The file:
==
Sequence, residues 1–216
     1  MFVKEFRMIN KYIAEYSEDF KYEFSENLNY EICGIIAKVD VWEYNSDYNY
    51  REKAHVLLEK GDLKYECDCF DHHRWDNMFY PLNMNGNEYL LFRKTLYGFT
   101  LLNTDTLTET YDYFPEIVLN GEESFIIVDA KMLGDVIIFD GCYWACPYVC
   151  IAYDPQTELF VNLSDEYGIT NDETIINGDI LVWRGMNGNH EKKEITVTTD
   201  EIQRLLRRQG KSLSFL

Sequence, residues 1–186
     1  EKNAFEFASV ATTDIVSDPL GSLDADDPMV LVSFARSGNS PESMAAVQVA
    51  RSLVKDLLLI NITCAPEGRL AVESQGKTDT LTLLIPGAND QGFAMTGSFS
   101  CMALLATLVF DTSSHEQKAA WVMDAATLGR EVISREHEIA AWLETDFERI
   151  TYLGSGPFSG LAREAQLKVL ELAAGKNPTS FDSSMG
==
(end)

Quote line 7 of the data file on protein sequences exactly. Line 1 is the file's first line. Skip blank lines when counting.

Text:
Sequence, residues 1–186